Renee, from WOW!, is visiting for the first time and is here to introduce us to another talented female author. So I ask that you help me in giving them a warm welcome to CMash Reads. Welcome Ms Jennifer Richardson!
Jennifer Richardson is a writer whose first book, Americashire: A Field Guide to a Marriage, is out now. In addition to her initial experience with multiple sclerosis, Americashire chronicles the three years Jennifer spent living in a Cotswold village populated by fumbling aristocrats, gentlemen farmers, and a cast of eccentrics clad in corduroy and tweed. She currently lives in Santa Monica, California along with her British husband and her royal wedding tea towel collection.
Life with My So-Called Chronic Disease
In my kingdom of the sick, the emperor has no clothes
With one obvious exception, the word chronic never refers to anything good. Someone is a chronic liar or a country is in a chronic state of civil war. Or someone has a chronic disease. Like me.
Four months into my multiple sclerosis diagnosis—and four years since the first symptoms that caused a neurologist to warn me that such a diagnosis might be coming—it still feels weird to acknowledge the fact that I am sick. I don’t feel sick. Unlike those diagnosed with other chronic diseases, like, say, rheumatoid arthritis or Chron’s disease, I endure no pain from my illness. My symptoms—some mild slurring, followed by numbness on half my face—have only impacted four weeks of the last four years and, while annoying, were neither debilitating nor readily detectable to anybody I was interacting with.
In fact, the entire infrastructure of the disease has been far more annoying and debilitating than any of the symptoms. Navigating the various doctors’ offices, insurance companies, drug companies, and pharmacies that comprise the US healthcare system experience for someone like me—that is, someone who is lucky enough to have good health insurance—is not an activity fit for someone who has just been diagnosed with a disease. You are flighty and distracted and can’t remember to ask your doctor important questions, but that is the exact moment when the execution of your own healthcare requires you to have the steely nerves of a crane operator combined with the determination of a blood hound. Even when you’ve charted a course through that labyrinth, any sense of victory is diminished by a nagging concern over what it would be like without your prized health insurance and the eight months still to go until the pre-existing conditions clause of Obama Care kicks in. (To put a number on that anxiety, consider that the latest MS treatment, a pill that has more or less been around for twenty years to treat psoriasis, was recently released at a wholesale price of $54,900 per patient per year.)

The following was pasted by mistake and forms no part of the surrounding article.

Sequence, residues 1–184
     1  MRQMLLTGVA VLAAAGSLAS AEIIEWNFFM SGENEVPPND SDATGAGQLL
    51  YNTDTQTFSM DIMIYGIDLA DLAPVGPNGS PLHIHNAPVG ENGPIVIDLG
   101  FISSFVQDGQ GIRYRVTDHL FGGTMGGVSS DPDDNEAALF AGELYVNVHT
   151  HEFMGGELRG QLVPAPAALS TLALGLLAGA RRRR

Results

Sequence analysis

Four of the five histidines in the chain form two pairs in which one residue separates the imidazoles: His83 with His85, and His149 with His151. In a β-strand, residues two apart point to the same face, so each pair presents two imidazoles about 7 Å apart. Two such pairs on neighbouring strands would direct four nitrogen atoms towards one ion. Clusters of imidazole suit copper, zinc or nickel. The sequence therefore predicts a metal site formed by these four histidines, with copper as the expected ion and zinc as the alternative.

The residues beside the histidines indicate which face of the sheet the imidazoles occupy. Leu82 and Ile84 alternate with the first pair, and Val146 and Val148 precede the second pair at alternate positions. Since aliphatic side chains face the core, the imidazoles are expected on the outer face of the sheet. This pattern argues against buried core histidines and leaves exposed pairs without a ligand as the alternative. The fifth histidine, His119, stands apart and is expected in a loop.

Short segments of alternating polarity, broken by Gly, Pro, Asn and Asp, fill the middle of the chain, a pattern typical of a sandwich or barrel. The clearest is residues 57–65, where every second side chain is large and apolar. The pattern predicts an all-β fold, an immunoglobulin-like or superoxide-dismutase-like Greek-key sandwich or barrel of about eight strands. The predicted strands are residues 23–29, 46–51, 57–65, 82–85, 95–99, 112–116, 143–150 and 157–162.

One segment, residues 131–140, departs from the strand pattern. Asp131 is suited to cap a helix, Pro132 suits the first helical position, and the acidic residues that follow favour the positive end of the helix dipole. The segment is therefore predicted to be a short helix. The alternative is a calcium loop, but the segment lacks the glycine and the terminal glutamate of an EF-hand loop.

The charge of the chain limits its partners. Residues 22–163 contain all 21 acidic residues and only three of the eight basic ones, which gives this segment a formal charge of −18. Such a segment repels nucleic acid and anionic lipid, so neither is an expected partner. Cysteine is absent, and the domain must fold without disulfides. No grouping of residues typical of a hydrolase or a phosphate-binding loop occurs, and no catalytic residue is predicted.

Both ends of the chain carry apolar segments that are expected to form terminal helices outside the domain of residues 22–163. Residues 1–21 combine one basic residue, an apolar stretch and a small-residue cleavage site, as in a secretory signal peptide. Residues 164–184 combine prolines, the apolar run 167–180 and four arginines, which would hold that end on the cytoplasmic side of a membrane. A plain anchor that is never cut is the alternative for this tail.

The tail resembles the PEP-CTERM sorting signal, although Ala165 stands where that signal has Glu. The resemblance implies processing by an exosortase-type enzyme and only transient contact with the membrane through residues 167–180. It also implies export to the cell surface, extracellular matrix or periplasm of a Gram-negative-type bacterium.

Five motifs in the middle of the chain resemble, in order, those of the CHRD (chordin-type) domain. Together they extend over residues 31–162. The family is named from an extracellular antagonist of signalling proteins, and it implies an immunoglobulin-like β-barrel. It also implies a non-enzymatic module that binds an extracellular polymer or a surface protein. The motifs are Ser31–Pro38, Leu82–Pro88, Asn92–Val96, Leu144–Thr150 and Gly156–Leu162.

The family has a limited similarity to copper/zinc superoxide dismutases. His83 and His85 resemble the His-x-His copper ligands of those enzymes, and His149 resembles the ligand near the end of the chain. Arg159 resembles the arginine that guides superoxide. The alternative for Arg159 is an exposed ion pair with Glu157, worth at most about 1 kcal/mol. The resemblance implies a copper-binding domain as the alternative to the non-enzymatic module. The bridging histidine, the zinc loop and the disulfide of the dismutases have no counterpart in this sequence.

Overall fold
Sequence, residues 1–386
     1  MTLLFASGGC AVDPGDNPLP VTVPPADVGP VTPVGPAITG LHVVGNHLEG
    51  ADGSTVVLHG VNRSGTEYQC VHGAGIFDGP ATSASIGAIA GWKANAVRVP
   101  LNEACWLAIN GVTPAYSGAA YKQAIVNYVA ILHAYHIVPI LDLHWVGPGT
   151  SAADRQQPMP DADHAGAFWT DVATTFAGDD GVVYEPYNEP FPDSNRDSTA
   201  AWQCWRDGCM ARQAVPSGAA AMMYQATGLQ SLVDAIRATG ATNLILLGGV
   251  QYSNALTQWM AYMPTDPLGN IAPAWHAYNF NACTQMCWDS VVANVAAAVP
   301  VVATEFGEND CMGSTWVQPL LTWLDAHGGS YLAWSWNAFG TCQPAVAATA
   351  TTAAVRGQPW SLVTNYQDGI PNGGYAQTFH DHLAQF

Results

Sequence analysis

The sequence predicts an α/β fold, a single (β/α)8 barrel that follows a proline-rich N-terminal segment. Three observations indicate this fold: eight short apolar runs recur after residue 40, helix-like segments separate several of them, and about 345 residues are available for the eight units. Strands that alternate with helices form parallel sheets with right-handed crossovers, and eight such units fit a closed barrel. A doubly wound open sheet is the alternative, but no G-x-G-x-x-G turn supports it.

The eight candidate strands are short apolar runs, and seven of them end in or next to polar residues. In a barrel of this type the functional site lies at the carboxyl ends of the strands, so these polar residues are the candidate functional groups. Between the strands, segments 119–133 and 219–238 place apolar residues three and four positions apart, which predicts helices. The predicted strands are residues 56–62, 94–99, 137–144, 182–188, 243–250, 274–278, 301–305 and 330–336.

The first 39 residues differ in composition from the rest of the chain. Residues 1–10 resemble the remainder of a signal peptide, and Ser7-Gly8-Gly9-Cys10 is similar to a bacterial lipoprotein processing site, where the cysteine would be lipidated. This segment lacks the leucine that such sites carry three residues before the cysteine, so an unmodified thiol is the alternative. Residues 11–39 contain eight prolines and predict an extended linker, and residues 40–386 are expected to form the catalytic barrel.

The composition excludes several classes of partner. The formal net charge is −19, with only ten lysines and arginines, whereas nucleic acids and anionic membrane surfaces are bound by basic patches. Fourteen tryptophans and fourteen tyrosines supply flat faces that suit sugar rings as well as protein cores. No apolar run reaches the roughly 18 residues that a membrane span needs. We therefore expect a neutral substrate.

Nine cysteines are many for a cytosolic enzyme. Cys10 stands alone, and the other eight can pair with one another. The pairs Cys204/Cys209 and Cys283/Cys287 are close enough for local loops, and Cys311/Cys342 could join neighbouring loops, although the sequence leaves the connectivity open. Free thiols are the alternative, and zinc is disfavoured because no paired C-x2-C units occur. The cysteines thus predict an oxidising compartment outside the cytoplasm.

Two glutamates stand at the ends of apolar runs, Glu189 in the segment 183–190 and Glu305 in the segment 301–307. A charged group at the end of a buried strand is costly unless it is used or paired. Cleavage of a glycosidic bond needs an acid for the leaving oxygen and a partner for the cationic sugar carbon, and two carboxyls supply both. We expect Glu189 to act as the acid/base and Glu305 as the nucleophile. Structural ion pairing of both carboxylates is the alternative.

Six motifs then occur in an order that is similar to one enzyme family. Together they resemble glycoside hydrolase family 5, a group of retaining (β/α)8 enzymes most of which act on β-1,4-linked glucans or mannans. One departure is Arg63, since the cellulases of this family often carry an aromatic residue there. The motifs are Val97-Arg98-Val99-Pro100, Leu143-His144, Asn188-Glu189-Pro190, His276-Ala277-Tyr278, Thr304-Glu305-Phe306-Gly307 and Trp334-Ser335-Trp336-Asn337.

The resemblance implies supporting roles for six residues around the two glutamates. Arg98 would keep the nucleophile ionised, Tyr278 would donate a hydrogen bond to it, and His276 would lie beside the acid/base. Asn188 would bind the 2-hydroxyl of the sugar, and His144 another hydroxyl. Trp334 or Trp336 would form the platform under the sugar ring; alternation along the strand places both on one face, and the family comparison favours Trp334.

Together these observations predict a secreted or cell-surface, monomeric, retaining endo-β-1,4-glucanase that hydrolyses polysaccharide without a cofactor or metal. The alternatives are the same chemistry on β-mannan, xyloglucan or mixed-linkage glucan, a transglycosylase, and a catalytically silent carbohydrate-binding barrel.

Faced with this you naturally wonder, as do people who should know better, like your husband and your shrink, if you should even bother taking medication for your mostly invisible disease. Surely you are about to wake from the absurdist dream you’ve been having where you, a needle phobic, are now supposed to shoot up a medicine every Thursday that makes you feel like you have the flu for sixteen hours in order to treat a disease that is currently presenting zero symptoms. But then the second opinion neurologist, the one who is a foremost expert in the field, tells you in her calm Texas drawl that, yes, you have to take the preventative medicine; that first neurologist you saw wasn’t just making that up. Your disease may feel like a fraud now, but MS has the astonishing potential to morph from an annoyance to, say, paralysis, an outcome you don’t want to dice with much.
In her recent book, In the Kingdom of the Sick, Laurie Edwards writes about her experience growing up of frequent doctor appointments to treat what was eventually diagnosed as a chronic and very rare lung disease. She notes that she never perceived her experience then in terms of a chronic illness. Rather she experienced each incident separately, in a reactionary mode, and only as an adult did she make the emotional adjustment to acknowledge the long-term nature of what she was dealing with. This, she says, “is the most daunting aspect of any chronic illness, whether you are the patient grappling with a diagnosis or a healthy person who hopes it never happens to you: It isn’t going to go away.”